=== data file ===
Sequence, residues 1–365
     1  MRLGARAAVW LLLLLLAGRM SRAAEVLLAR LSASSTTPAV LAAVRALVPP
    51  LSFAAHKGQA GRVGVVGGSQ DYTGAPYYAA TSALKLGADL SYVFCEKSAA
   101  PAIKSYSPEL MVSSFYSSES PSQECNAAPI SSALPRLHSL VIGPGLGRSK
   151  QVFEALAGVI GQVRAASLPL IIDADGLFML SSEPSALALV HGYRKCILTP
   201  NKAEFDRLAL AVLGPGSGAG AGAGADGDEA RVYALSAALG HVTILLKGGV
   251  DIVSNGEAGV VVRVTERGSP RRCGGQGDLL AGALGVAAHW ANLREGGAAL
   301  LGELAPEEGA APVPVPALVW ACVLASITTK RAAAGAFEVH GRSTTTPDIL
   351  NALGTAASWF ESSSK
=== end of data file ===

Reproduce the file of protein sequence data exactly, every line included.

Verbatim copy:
Sequence, residues 1–365
     1  MRLGARAAVW LLLLLLAGRM SRAAEVLLAR LSASSTTPAV LAAVRALVPP
    51  LSFAAHKGQA GRVGVVGGSQ DYTGAPYYAA TSALKLGADL SYVFCEKSAA
   101  PAIKSYSPEL MVSSFYSSES PSQECNAAPI SSALPRLHSL VIGPGLGRSK
   151  QVFEALAGVI GQVRAASLPL IIDADGLFML SSEPSALALV HGYRKCILTP
   201  NKAEFDRLAL AVLGPGSGAG AGAGADGDEA RVYALSAALG HVTILLKGGV
   251  DIVSNGEAGV VVRVTERGSP RRCGGQGDLL AGALGVAAHW ANLREGGAAL
   301  LGELAPEEGA APVPVPALVW ACVLASITTK RAAAGAFEVH GRSTTTPDIL
   351  NALGTAASWF ESSSK